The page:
Getting a manicure is a ritual most women love. You have your favorite little salon with those big comfy leather chairs that also function as masseuses. It is your time to pamper yourself, choose your seasonal color that will go with your outfits for the week, and just have some much needed alone time. But when choosing the right salon if you haven’t done so already there are a few things you want to be aware of. You don’t want a bad manicure or even one that leaves you with a fungus or another nasty skin affliction.
The Work Station And Equipment
First off, you want to go to a salon that is both affordable and above all CLEAN. If you see that the work station that your manicurist is using is covered in nail clippings, hair, or just dirt from past manicures you should run away. The next thing you want to examine are the tools being used. Do you see sterilization containers that have used tools sitting in them? If the answer is yes, then that is a good sign. You do not want a tool that has been used on other people because it could transfer harmful bacteria to your own hands causing infection. You can also watch the manicurist clean her station from the client before you to assess what products are used and if it is up to your standards of cleanliness. You can always opt to bring your own equipment as well that way you know everything is clean but still have a professional doing your nails.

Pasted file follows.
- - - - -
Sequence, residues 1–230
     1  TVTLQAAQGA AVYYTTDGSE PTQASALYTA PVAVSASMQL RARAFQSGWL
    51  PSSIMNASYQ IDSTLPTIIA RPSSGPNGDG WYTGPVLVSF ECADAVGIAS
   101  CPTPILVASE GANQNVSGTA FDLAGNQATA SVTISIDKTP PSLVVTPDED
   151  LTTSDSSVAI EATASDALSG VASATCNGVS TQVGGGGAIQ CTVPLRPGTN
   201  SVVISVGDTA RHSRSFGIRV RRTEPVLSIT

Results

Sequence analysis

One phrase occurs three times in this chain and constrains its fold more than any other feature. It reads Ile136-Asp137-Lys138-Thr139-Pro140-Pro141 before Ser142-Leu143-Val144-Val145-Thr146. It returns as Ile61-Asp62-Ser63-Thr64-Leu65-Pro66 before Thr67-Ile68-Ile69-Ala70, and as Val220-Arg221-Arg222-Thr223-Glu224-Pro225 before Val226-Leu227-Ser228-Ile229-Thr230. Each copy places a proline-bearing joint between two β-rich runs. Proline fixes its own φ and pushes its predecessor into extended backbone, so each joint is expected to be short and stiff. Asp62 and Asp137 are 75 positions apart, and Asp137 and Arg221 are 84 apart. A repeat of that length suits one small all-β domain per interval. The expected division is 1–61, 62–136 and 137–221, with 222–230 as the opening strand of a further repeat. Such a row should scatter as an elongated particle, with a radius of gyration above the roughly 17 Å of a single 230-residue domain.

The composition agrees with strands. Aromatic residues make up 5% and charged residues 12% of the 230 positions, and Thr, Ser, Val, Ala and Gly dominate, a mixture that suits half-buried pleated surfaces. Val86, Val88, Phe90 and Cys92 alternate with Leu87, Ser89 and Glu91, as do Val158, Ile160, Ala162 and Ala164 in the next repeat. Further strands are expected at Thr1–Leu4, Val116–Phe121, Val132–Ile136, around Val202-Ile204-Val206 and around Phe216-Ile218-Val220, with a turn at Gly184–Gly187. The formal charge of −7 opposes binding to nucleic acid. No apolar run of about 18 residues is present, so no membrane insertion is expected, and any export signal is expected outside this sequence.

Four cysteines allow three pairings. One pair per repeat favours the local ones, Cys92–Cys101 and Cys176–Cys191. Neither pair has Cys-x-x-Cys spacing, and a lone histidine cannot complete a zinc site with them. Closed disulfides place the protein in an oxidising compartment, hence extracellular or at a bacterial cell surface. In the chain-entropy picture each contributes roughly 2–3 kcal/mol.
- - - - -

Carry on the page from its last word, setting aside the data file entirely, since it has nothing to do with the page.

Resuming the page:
As the manicure begins it should start with a soak for your hands to soften up your cuticles as well as a cream that works as a cuticle softener. Your cuticles are not actually supposed to be completely cut off because they contribute to the health of the nail and keep bacteria out. Make sure your manicurist is simply softening your cuticles and then using a wooden tool with a blunted tip to just push them back a bit if they need it.
Nail Polish and Gel Removal
Removing nail polish is easy, it just takes some acetone and a good moisturizer post-removal but gel is something else. It is rock hard and removing it takes time and patience which can mean that manicurists lose money if they are patient during the removal process. Hence, this is why most will soak it briefly then grab a metal tool to try and scrape it all off which can damage your nail beds. A good manicurist will have each nail soak individually for upwards of half an hour until the gel is soft enough to be gently removed with a plastic tool. No vicious scraping should ever be involved.
Remember a lot of the time you get what you pay for!